Week 1 assignment While searching operating systems for game consoles found information on Nintendo’s next gen console and what Iwata plans for the OP as well - Gsp Assignment introduction. The next piece of info comes from Softpedia. According to Nintendo’s Iwata Interviews posted on the company’s official website, the new games console, Wii, will have an updatable operating system. He states that Wii is the first system from Nintendo that will evolve in a continuous manner.
Even after customers buy the console, they will be able to expand and diversify their gaming experience through operating system updates. Information released until now revealed that Wii operates on a proprietary form of Linux Kernel and that Nintendo developers are currently working to develop a GNU/Linux operating system for the console. From the sounds of this the very architecture can be upgraded to accommodate future games and updates just as the Nintendo 3DS has as well. Nintendo is definitely trying improve their systems and seems it may come to fruition.
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DOS DOS (Disk Operating System) gained a reputation by supporting operating systems developed by IBM and Windows. DOS was prominent in the industry up until support was terminated for Windows ME. Though it’s not as sophisticated as modern systems, DOS offers many advantages to the user. This system is very stable and rarely endures crashes. It can display content on an arcade monitor without the aid of special hardware and the use of batch files offer a high degree of customization.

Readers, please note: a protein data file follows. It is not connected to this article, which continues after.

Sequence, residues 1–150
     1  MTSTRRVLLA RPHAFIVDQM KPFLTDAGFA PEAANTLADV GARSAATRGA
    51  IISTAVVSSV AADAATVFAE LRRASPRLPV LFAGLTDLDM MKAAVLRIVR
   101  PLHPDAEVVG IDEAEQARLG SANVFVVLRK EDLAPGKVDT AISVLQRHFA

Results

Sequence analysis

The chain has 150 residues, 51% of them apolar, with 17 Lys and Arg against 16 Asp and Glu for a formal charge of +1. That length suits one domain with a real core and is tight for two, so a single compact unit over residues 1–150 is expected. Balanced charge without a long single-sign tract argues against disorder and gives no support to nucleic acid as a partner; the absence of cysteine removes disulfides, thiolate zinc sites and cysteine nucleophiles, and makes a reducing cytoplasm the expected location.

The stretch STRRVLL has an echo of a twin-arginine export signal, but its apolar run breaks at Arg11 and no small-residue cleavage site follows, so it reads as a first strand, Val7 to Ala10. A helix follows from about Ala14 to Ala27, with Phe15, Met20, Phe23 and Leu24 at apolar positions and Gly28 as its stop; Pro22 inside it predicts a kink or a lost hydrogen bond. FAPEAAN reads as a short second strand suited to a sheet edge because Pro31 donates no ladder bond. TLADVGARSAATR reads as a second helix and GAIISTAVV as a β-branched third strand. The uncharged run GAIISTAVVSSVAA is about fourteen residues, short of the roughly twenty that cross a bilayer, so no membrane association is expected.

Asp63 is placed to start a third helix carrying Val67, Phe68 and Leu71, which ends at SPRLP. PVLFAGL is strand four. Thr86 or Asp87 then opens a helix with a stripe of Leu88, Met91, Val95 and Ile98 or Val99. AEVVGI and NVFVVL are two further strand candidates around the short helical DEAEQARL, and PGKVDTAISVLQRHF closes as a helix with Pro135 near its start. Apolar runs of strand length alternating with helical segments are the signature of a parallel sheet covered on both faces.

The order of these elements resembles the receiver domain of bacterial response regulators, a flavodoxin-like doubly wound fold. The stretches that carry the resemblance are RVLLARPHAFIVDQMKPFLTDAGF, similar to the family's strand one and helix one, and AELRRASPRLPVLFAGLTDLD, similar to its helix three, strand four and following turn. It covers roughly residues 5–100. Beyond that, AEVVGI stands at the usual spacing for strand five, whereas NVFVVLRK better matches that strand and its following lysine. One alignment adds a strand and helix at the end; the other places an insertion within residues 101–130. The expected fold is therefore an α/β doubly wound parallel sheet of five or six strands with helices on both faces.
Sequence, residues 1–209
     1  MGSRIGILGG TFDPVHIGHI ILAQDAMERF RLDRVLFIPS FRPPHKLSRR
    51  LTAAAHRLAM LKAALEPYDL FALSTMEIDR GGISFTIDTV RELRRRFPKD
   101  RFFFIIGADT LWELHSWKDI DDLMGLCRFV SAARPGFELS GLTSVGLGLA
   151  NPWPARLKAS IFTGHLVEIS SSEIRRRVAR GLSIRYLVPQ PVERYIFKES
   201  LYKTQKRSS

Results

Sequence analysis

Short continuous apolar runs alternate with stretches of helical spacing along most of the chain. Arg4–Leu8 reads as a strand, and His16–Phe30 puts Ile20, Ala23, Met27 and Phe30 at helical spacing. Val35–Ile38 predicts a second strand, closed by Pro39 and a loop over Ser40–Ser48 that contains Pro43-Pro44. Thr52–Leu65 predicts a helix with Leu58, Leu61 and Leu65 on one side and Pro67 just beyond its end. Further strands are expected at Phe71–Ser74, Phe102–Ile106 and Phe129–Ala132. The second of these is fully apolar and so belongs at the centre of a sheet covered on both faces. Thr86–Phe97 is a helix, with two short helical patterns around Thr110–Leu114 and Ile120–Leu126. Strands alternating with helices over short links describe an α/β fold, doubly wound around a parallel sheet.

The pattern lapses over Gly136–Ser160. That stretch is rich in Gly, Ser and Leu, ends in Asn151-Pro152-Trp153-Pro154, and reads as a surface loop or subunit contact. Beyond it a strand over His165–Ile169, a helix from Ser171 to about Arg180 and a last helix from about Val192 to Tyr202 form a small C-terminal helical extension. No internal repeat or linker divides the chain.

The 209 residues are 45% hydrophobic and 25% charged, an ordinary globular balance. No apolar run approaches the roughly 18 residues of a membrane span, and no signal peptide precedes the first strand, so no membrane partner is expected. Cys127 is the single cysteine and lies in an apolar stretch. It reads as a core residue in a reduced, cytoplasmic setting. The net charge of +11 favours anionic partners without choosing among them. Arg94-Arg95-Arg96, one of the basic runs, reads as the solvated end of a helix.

While the system is still used, DOS has become more difficult to manage as support is limited. The arcade machines seemed to run off DOS which is interesting because of the little knowledge I had be for diving into to this. I have found concurrency to be useful for doing multiple things out once. This can be useful to cut how much of something such as memory you need to run a program such as a physics engine. Concurrency Game development has involved concurrency almost since its inception.
Con-soles like the NES and Atari 2600 featured multiple chips that cooperated in order to run the game. The arcade space frequently had similar setups. Almost all arcade systems since 1980 featured more than one active CPU, frequently one for gameplay, another for graphics, and a third for sound. Today’s consoles (other than handhelds) all feature at least two cores, and frequently many more, in addition to the GPU and other special resources. The info above came from this link: http://www. scribd. com/doc/63204628/23/Concurrency Parallelism
In order to delay the need for coarser grained parallelism, chipmakers introduced longer pipelines and out-of-order execution that enabled the chips to perform many instructions in parallel. Without realizing it, your code is performing some level of parallelism, even when you are writing single-threaded code. Instruction level parallelism usually occurs without our knowledge; a compiler will seek to take advantage of this parallelism whenever possible. What I can take from all of this that these process to have anything game-to anti-virus programs to perform what they were made for.